Specifically, the Federal Housing Administration’s mortgage insurance program has long encouraged the growth of U.S. housing. Mortgage insurance means more money for people to buy homes, which in turn encourages jobs and profits for homebuilders, companies that supply homebuilders, and manufacturers of the many appliances and goods needed to equip new homes. By making sure credit flows, the federal government since the New Deal has been able to encourage such good economic results without raising taxes or issuing national debt to fund the expanded economic activity.

But the Downsides Can be Serious

Nevertheless, the history of the Land Banks, Fannie Mae, and federally-backed mortgage securities shows that things can go very wrong, in several ways:

  • Some credit policies have government assume all the risks, while private companies take all the profits. This encourages excessive risk-taking – and shafts the taxpayers when bubbles burst.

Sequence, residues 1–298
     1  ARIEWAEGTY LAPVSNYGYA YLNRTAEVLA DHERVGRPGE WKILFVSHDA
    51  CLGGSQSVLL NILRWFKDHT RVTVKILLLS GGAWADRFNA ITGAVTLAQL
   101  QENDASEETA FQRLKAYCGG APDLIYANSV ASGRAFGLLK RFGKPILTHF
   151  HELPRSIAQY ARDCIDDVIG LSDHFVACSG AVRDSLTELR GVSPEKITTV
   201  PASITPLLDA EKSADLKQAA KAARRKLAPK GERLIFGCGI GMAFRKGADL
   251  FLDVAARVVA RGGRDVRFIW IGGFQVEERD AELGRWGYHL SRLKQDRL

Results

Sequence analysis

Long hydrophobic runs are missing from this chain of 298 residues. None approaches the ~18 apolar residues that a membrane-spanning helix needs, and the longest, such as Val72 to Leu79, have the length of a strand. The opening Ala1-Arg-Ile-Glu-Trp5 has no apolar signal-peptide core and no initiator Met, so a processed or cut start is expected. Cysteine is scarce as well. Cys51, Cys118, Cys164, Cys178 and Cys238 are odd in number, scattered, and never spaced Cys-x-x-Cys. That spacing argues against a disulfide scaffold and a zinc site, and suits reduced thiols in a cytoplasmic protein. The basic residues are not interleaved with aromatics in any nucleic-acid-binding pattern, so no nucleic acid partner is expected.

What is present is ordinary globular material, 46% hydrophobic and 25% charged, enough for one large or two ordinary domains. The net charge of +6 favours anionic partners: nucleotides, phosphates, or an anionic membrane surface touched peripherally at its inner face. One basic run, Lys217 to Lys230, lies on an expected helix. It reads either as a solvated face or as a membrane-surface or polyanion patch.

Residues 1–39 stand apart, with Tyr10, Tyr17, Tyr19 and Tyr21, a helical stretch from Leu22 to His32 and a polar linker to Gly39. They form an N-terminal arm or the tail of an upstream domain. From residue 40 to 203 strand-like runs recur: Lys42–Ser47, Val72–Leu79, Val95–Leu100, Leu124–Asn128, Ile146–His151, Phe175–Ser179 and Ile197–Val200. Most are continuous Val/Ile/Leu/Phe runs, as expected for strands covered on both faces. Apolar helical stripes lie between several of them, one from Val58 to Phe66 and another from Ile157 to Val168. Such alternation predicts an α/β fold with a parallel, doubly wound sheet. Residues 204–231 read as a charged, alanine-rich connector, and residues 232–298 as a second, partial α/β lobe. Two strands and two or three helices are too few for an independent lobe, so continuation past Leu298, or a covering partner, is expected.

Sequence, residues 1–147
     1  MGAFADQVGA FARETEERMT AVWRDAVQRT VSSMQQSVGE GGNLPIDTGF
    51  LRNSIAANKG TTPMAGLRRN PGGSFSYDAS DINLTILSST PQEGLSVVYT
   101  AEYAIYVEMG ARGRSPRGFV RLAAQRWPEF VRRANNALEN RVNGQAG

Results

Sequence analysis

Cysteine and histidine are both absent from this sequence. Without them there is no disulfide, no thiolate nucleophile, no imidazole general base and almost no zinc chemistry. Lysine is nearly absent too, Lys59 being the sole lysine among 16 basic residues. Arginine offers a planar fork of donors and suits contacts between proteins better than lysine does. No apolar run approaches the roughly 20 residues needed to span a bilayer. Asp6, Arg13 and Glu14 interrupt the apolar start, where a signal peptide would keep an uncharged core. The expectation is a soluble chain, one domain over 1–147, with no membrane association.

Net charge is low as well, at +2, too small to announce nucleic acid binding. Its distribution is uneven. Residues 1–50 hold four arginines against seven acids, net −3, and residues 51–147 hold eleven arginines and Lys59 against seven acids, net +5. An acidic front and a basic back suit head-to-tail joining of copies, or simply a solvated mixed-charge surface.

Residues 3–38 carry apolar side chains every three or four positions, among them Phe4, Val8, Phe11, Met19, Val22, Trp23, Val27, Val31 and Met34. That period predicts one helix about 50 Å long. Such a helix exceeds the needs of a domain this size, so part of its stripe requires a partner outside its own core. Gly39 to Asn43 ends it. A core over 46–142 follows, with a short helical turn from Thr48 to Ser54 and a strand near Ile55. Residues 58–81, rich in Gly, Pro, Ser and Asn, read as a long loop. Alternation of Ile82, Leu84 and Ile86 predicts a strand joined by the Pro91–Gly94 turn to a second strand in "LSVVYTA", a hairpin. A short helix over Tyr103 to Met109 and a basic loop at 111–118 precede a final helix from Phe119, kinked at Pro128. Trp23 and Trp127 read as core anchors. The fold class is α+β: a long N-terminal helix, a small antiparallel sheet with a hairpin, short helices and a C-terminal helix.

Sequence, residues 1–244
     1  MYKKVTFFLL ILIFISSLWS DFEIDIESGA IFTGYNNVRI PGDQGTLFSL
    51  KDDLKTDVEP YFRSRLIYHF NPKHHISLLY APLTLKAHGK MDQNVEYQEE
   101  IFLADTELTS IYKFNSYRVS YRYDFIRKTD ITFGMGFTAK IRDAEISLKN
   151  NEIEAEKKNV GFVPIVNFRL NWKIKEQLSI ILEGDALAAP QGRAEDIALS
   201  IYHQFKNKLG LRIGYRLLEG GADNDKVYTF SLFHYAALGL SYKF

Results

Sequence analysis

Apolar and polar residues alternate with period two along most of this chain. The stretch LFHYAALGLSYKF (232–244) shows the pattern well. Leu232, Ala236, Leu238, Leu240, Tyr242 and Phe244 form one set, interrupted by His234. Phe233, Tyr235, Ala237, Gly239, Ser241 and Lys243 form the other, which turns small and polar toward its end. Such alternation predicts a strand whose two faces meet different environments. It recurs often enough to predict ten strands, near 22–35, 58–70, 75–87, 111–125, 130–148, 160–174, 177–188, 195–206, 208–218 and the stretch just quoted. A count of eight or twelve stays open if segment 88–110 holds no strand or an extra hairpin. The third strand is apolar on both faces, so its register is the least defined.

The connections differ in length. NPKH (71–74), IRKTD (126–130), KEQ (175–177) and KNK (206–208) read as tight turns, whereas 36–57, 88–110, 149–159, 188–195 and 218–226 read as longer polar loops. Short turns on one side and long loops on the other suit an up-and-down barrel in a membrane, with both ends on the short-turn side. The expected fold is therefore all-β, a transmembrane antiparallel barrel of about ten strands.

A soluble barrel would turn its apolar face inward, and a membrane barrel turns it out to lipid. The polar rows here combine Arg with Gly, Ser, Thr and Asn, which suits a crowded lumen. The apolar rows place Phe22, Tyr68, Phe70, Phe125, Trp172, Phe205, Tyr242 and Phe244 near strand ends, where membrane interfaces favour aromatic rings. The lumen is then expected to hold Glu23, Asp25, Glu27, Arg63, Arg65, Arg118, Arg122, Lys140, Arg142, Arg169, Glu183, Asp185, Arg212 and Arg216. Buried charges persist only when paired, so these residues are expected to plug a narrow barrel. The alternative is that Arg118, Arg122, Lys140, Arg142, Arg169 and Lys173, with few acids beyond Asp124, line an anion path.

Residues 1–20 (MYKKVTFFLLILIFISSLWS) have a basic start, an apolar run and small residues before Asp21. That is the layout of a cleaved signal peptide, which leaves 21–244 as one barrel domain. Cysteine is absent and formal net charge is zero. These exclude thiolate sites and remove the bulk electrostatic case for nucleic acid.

• Especially in times of debt showdowns, politicians can be tempted to back credit-creation measures not because they are optimal for economic growth or social wellbeing, but because they appear to cost government little and allow politicians to avoid blame.

  • Credit policies can be very complex and full of hard-to-trace provisions. As Suzanne Mettler has argued in her book The Submerged State, hidden programs may stoke special-interest politics, discourage democratic accountability, and undercut citizen trust. 

What American Citizens Can Do

All Americans should recognize that debt showdowns threaten more than national credit ratings. They can also push politicians into unwise easy-credit policies, especially during periods of economic instability. Recent economic bailouts, for example, relied on loans and credit guarantees – and our politicians may respond to current debt showdowns with more federal backing for easy private credit. We should all demand a stop to debt-showdown politics – and when budget wars happen, we must keep an eye out for the credit-handout policies that so often follow, opening the door to still more economic and fiscal troubles when things go awry.

Read more in Sarah Quinn, “Lemon Socialism and Securitization,” Trajectories 20, no. 2 (2009): 3-5.